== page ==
Former BusinessWeek assistant managing editor Nussbaum (Innovation and Design/Parson School of Design; Good Intentions: How Big Business and the Medical Establishment Are Corrupting the Fight Against Aids, 1990, etc.) makes the case that the future of American capitalism lies in unleashing creativity. The author believes that students can be trained to become creative and that it is a skill that can be assessed. He combines lessons from the "personal growth movement of the 1960s and '70s" and observations about how successful enterprises harness creativity and team effort (e.g., Google, Apple and Facebook). Nussbaum also proposes supplementing the standard IQ measure with what he calls a creativity quotient. In the author's view, today's dominant model of capitalism, based on the hegemony of "efficient market theory" (which makes short-term profit the main criteria for investment), was responsible for the recent recession and has "taken a devastating toll on innovation." The author compares this to the period from 1933 to 1976, "a time when business leaders were responsible not simply to shareholders, but to many stakeholders." The author believes that in order to compete globally, American business must pick up from the 1990s, when U.S. global hegemony was based on the inventiveness of Silicon Valley and futurists predicted major advances in biotechnology and nanotechnology. He offers a radical model for investment in technology startups based on local sources of financing and the possibilities of broad-based online social networking. Such an economy would embrace risk-taking, see uncertainty as opportunity and require minimal government intervention. Education would be transformed to emphasize hands-on creative activity, and students would be encouraged to wed ideas to their implementation. An intriguing mixture of challenging ideas and Utopian solutions to the broader issues regarding social welfare currently under debate.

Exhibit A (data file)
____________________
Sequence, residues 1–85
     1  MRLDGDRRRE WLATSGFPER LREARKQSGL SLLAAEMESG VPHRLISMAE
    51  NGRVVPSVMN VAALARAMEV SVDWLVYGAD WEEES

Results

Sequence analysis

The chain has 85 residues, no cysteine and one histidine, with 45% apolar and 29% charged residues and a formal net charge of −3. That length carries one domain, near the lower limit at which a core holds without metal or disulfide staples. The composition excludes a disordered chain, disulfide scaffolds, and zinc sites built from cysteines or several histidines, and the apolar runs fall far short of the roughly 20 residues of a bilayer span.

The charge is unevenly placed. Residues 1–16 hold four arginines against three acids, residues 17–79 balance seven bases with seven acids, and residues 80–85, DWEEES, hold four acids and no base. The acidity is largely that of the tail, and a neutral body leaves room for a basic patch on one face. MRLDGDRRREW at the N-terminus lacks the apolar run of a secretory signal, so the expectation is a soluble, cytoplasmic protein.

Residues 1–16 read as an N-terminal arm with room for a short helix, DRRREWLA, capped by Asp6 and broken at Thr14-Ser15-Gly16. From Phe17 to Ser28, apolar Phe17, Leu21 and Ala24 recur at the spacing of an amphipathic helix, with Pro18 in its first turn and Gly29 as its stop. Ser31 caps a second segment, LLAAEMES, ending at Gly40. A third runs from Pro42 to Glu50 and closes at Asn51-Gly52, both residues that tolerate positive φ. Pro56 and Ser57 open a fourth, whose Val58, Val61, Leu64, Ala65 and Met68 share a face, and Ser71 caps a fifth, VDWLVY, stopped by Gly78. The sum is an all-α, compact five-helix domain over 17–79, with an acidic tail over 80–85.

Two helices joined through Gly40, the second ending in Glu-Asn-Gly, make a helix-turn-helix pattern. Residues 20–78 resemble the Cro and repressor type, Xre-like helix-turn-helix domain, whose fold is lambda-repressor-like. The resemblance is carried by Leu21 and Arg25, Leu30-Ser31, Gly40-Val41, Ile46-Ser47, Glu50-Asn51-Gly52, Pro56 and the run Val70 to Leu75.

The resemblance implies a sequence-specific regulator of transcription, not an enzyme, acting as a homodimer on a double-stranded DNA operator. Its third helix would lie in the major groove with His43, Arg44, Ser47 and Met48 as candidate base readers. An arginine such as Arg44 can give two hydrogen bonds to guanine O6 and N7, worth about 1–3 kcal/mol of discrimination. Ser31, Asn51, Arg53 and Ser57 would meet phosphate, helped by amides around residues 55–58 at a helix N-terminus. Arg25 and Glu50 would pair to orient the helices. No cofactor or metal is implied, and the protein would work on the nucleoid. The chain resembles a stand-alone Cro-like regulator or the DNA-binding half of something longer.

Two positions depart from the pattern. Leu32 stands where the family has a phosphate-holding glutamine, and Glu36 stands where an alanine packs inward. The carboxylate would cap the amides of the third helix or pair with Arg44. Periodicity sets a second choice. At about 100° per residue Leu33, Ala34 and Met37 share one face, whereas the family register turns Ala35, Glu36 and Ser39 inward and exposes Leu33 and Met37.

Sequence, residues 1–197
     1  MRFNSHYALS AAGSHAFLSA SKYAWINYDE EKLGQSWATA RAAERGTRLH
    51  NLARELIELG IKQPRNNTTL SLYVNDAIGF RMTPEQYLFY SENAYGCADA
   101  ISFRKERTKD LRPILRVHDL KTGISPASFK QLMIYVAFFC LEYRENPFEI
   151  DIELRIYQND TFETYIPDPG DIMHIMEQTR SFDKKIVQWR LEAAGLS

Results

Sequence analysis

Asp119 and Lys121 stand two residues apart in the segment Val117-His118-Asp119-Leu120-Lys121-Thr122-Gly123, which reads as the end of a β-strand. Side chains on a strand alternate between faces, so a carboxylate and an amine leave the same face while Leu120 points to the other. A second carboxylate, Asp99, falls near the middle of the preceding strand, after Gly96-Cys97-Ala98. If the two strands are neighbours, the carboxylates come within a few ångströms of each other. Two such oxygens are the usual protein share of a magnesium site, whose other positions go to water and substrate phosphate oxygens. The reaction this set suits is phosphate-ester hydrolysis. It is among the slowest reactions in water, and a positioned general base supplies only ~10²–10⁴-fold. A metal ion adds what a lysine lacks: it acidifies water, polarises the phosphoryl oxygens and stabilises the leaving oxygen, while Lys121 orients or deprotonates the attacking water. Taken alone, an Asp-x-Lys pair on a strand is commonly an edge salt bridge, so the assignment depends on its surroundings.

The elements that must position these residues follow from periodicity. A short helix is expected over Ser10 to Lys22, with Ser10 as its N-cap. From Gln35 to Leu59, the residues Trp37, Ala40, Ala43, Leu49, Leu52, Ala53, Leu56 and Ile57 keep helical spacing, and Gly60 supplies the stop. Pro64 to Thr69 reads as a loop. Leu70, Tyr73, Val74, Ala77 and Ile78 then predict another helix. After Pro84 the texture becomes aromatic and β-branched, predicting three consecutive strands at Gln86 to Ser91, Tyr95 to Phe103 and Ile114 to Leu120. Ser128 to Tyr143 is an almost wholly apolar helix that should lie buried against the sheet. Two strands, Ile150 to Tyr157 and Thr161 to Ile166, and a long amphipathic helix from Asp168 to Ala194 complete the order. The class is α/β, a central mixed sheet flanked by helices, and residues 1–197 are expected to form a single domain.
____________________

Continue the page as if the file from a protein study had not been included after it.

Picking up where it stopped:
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Product Details

  • ISBN-13: 9780062088437
  • Publisher: HarperCollins Publishers
  • Publication date: 3/5/2013
  • Sold by: HARPERCOLLINS
  • Format: eBook
  • Pages: 368
  • Sales rank: 449,063
  • File size: 562 KB

Meet the Author

Bruce Nussbaum, former assistant managing editor for BusinessWeek, is professor of innovation and design at Parsons School of Design and an award-winning writer. He is founder of the Innovation & Design online channel, and IN: Inside Innovation, a quarterly innovation magazine, and blogs at Fast Company and Harvard Business Review. Nussbaum is responsible for starting BusinessWeek's coverage of the annual International Design Excellence Award and the World's Most Innovative Companies survey. He is a member of the Council on Foreign Relations. He taught third-grade science in the Philippines as a Peace Corps volunteer.